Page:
Status of Transplanted Coast Live Oaks (Quercus agrifolia) in Southern California1

Abstract

Twenty-five coast live oaks (Quercus agrifolia) ranging in size from 15 to 100 cm (diameter at breast height), transplanted to accommodate housing developments at three different sites in Calabasas, Calif., were studied for 3 to 4 years after boxing. Transplanted trees, plus 15 native control trees, were monitored quarterly. Water potential, shoot and root growth, and visual condition were measured. Although all 15 controls remained healthy, 16 percent of the transplanted trees died, 20 percent were nearly dead, 24 percent were in decline, 32 percent were stable, and 8 percent were improving. If declining transplants fail to stabilize, then the projected long-term survival rate would be approximately 10 to 40 percent. Transplantation of mature coast live oak trees (Quercus agrifolia) as mitigation for loss due to development has become increasingly controversial as the extent of oak woodlands in Southern California decreases. In addition to concern over the protection of one species while ignoring the complex associated community, there are also questions of cost effectiveness and long-term tree survival. The cost of moving an oak tree varies with box size and site accessibility, ranging from around $1,000 to more than $100,000. To date, few studies have examined transplantation or the physiological consequences of root injury. Roberts and Smith (1980) did a one-year study of water potential and stomatal conductances of oak trees impacted by root removal due to trenching and terracing associated with development. Scott and Pratini (1992) followed 593 transplanted trees in Orange County, Calif., for more than 4 years. However, their observations did not include quantitative physiological evaluation. Our study used both quantitative and qualitative evaluation to assess establishment of transplanted oaks in landscaped settings. Calabasas Transplant Study The City of Calabasas (Los Angeles County), California, Oak Tree Protection Ordinance discourages transplanting and requires mitigation for tree removal. In addition, monitoring of trees that are moved was required for 5 years. In January 1992, monitoring of transplanted trees began at Site 1, followed by the addition of two more sites in April 1993, either as the trees were being boxed, or immediately afterward. All portions of the sites to which trees were moved experienced extensive grading and drainage changes before replanting. Sites 1 and 2 were originally north-facing hillside drainages with intermittent streams, clay soil, and mixed chaparral vegetation. Site 3 was a level riparian area. The perimeter of all three sites had been affected by previous development. Trees were selected for transplanting by the tree-moving company and their associated arborists. Concurrent with root pruning and side boxing, the canopies of the selected trees were pruned, removing 30 to 70 percent of living tissues. Deadwood, inner foliage, and terminal buds were trimmed, leaving a thin shell of foliage on the perimeter of the canopy. A backhoe was used to trench all four sides around each tree at once. Box sizes ranged from 1.5 × 1.5 × 1 m to 8.5 × 8 × 2.5 m. Bottom boxing was completed 3 to 6 months later. Irrigation while trees were boxed was carried out weekly or 1An abbreviated version of this paper was presented at the Symposium on Oak Woodlands: Ecology, Management, and Urban Interface Issues, 19-22 March 1996, San Luis Obispo, Calif. 2Conservation biologist, Resource Conservation District of the Santa Monica Mountains, 122 N. Topanga Canyon Blvd., Topanga, CA 90290. 3Farm advisor, University of California Cooperative Extension, 669 County Square Dr., Suite 100, Ventura, CA 93003.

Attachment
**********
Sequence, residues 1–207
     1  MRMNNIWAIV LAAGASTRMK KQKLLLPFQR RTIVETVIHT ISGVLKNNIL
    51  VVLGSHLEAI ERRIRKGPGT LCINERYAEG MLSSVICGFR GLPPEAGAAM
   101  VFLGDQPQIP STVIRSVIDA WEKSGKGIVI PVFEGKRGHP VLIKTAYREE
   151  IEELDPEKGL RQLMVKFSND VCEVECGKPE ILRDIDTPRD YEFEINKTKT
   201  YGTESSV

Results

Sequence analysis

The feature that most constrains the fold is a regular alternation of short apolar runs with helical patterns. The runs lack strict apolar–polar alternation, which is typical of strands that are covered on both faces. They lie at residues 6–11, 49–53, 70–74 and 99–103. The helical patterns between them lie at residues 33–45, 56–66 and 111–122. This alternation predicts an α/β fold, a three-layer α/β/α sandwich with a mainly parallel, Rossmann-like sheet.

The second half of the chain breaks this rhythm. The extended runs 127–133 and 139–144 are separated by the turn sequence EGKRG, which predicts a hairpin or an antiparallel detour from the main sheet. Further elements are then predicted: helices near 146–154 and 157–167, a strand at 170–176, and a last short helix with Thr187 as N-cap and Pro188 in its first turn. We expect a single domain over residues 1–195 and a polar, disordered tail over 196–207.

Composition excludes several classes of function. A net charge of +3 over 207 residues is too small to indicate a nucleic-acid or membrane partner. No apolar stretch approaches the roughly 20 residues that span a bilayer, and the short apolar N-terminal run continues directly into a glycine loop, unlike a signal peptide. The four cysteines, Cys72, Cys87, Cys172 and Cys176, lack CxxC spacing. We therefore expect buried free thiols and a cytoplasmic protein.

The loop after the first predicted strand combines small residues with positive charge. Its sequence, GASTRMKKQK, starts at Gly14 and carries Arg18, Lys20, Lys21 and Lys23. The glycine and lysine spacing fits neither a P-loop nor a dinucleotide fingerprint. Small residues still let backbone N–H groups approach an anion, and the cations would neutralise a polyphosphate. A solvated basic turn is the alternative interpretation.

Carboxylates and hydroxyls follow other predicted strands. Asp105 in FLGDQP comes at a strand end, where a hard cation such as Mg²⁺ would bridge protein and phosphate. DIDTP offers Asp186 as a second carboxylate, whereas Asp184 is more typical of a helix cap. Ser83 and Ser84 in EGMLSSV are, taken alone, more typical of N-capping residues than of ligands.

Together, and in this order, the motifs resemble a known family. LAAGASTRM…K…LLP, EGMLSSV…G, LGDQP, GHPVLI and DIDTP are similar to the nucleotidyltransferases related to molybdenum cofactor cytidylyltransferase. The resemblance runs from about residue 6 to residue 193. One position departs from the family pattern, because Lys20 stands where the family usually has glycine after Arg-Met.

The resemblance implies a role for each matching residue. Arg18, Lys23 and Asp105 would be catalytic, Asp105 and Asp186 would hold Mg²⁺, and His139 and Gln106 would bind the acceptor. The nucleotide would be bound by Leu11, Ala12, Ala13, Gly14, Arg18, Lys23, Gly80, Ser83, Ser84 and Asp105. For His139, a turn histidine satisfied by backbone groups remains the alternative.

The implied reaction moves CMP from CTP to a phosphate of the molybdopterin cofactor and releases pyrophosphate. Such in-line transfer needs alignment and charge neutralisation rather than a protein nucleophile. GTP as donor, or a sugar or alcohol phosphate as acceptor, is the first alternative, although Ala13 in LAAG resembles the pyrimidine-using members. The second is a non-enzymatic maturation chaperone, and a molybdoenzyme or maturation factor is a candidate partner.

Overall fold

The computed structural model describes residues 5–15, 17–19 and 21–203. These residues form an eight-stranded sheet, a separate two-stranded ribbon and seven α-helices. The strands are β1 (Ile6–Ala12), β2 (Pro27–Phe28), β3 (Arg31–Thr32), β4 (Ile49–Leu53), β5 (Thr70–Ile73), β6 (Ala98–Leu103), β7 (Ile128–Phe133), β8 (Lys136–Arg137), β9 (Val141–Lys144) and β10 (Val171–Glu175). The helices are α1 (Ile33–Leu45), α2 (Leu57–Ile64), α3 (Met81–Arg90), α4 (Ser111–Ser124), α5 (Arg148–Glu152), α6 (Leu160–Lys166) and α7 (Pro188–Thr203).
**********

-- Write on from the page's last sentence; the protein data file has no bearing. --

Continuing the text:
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Cite this paper

@inproceedings{Dagit2007StatusOT, title={Status of Transplanted Coast Live Oaks (Quercus agrifolia) in Southern California1}, author={Rosi Dagit and A. James Downer}, year={2007} }